THE WAGES OF FEAR, Henri-Georges Clouzot, director/BFI Dual Format Edition (Blu-ray/DVD) Starring an impeccably cast (and sweaty) Yves Montand, Charles Vanel and Vera Clouzot, this most celebrated of French thrillers is based on the 1950 French novel Le Salaire de la peur, and has acquired a reputation – fully justified – as the great arthouse/action film, and has enjoyed not only a remake by William Friedkin (Sorcerer), but a sort-of-rejigging in Cy Enfield’s exemplary Hell Drivers. Looking at the splendid new BFI Blu-ray in 2017, it is remarkable just how well Henri-Georges Clouzot’s film stands up to the rigours of time, exerting an iron grip throughout its considerable length. The Wages of Fear was critically hailed upon its original release, propelling its director (whose other most celebrated film is Les Diaboliques) to international fame, and is now newly restored in 4K, and released by the BFI in a Dual Format Edition packed with special features. In a squalid South American village, four desperate men are hired by a US oil company to embark on a treacherous journey, transporting a volatile cargo of nitro-glycerine to a massive oil well fire. Friendships and courage are pushed to the limit in this nail-biting thriller by a director would go on to be dubbed the ‘French Hitchcock’.
THE THING, John Carpenter, director/Arrow The classic Howard Hawks film (ostensibly credited to his associate, Christian Nyby),The Thing from Another World, has long been recognised as one of the most intelligent and authoritative of science-fiction thrillers, so when John Carpenter announced his remake, there was some scepticism, despite the director’s then-impressive track record. That scepticism was soon allayed, as this remake – now with classic status of its own — is an intelligent piece of filmmaking. Admittedly, the newer version perhaps lacks the keen characterisation of the Hawks original, but has a slew of impressive special effects. The Thing sees the director’s regular star Kurt Russell as part of the crew of an Antarctic research facility terrorised by a shapeshifting alien. Showcasing an impressive ensemble cast, a menacing score by Ennio Morricone, and jaw-dropping effects from Rob Bottin, this is an essential purchase for fans of one of the greatest sci-fi horrors put on screen, with the Blu-ray extras including behind the scenes footage, a new documentary, featurettes and a collector’s book.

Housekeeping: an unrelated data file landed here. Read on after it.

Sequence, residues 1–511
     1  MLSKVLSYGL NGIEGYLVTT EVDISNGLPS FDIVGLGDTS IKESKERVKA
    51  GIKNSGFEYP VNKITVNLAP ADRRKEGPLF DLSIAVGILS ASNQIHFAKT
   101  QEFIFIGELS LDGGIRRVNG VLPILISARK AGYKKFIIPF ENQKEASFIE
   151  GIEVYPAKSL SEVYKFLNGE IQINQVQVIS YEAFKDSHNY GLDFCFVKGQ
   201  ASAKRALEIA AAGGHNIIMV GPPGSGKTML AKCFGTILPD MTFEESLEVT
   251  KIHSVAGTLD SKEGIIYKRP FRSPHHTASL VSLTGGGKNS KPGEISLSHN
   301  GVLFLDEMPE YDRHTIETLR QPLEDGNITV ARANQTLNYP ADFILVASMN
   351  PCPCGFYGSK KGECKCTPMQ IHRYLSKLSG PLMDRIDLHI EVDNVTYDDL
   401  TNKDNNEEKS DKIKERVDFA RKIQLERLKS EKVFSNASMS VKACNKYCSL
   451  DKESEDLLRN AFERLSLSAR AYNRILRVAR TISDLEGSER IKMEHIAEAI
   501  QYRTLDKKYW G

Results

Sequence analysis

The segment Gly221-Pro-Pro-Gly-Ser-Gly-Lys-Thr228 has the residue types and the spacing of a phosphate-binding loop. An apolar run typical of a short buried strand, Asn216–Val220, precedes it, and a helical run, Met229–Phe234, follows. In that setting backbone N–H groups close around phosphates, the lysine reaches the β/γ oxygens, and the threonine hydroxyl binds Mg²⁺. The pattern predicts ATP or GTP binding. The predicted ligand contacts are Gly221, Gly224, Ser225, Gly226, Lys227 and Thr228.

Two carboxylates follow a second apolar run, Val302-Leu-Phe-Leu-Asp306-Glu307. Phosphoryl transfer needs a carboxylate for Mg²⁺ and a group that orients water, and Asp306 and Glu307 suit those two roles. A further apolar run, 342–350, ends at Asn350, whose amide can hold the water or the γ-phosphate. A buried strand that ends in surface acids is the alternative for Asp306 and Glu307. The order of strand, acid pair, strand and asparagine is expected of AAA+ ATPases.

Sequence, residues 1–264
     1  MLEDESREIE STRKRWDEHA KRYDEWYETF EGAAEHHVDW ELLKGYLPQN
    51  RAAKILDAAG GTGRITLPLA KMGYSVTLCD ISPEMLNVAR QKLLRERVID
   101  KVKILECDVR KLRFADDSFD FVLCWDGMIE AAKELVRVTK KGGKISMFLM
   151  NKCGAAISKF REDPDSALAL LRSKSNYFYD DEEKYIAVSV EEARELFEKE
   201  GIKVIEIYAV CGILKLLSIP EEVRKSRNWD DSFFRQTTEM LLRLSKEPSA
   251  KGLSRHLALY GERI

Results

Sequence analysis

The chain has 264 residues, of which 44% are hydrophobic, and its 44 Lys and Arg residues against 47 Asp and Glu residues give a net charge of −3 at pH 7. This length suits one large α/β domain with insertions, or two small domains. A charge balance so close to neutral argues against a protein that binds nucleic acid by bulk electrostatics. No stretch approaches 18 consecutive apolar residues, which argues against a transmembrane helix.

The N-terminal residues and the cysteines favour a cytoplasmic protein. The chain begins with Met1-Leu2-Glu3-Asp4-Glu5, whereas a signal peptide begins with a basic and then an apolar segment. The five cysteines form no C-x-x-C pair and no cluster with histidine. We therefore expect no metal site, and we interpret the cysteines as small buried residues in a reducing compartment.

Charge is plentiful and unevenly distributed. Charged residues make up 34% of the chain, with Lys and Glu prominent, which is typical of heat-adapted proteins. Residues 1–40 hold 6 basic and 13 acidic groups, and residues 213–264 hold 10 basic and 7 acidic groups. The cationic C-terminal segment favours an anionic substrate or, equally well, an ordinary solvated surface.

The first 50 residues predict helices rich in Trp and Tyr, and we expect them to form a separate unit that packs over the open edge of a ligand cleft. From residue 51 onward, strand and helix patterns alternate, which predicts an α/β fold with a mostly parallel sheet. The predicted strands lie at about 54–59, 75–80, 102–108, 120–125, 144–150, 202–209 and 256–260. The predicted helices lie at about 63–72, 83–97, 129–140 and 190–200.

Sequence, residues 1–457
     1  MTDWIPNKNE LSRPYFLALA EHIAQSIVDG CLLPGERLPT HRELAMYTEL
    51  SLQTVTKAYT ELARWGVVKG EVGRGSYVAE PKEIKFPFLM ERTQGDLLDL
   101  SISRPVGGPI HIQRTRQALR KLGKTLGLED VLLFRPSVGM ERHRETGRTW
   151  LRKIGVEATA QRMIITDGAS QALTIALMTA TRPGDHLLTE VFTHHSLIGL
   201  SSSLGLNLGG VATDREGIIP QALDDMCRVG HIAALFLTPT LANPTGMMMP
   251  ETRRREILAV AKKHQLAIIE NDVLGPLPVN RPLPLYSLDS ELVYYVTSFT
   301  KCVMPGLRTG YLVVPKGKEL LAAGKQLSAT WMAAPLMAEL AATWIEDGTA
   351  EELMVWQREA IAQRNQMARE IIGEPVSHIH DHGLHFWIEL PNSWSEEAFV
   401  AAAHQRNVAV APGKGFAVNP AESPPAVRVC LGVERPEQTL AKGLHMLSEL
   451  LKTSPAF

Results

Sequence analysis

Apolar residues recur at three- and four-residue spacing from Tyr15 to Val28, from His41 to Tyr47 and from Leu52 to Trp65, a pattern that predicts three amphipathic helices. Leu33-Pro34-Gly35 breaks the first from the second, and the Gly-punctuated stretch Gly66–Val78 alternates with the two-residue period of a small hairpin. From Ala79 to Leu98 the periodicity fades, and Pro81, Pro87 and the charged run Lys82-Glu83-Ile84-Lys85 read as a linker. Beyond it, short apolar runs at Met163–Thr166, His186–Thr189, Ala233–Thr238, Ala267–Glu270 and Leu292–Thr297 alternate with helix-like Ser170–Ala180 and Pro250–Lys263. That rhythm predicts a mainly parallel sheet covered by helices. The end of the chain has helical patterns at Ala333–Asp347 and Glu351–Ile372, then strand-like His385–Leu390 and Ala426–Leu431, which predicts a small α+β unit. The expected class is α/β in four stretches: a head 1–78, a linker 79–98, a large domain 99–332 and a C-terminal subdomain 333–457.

MANINA THE LIGHTHOUSE KEEPERS DAUGHTER Willy Rozier, director/Eureka Blu-ray Slowly but surely, the missing sections of European cinema are being uncovered – and even if some of the newly excavated films (such as this deeply obscure item) are hardly undiscovered masterpieces, they are still of considerable interest. The film is basically a love letter to the young Brigitte Bardot, with the camera lovingly recording her bikini-clad form in a drama in which a Parisian student set to recover a lost treasure off the coat of Corsica; Bardot is the alluring siren he encounters.
SCARS OF DRACULA, Roy Ward Baker, director/Studio Canal While nobody would argue that this is one of Christopher Lee’s most distinguished outings as the vampiric count, the appearance on Blu-ray of a late film in the Hammer canon will still be catnip to aficionados. The company’s well-oiled machine turned out this kind of product with authority, even when the flame of inspiration was burning low. In this new Blu-ray incarnation, it looks considerably more impressive than it did in earlier DVD issues.
DEATH BECOMES HER, Robert Zemeckis, director/Final Cut Entertainment Admirers of this diverting comic extravaganza may look at the new Blu-ray with some trepidation – will Robert Zemeckis’s film still be as divertingly funny as we originally found it? There is no need for suspense – this is still a highly likeable couple of hours, with the only caveat being a miscast cast Bruce Willis playing against type as a henpecked husband; Willis certainly has comic chops, but not for this kind of role, which needed a Stanley Tucci type Ageing actress Madeline Ashton (Meryl Streep) is persuaded to take an elixir which brings her eternal life. Her rival for her husband Ernest’s (Bruce Willis) affections, Helen Sharp (Goldie Hawn), has taken the same potion, and when the two of them try to kill each other, their bodies prove to be irritatingly indestructible.
THE INCREDIBLE SHRINKING MAN, Jack Arnold, director/Arrow For many years, Richard Matheson routinely dismissed the classic Jack Arnold, film of his novel The Shrinking Man as a travesty of his work – until he realised just what high esteem the film was now held in, and smoothly finessed his view. With this new Blu-ray, it looks better than ever. Legendary writer Matheson and Fifties creature feature director Jack Arnold delivered a thrilling and innovative sci-fi horror classic, a box office smash. Whilst on a holiday cruise with his wife, young Scott finds himself enveloped by a luminous mist which cover him in a strange, glittery dust. Several months later, he’s accidentally sprayed with an insecticide. Soon, Scott starts shrinking at an alarming rate, and before long he’s thrust into a terrifying world of gigantic cats, spiders and other over-sized pitfalls.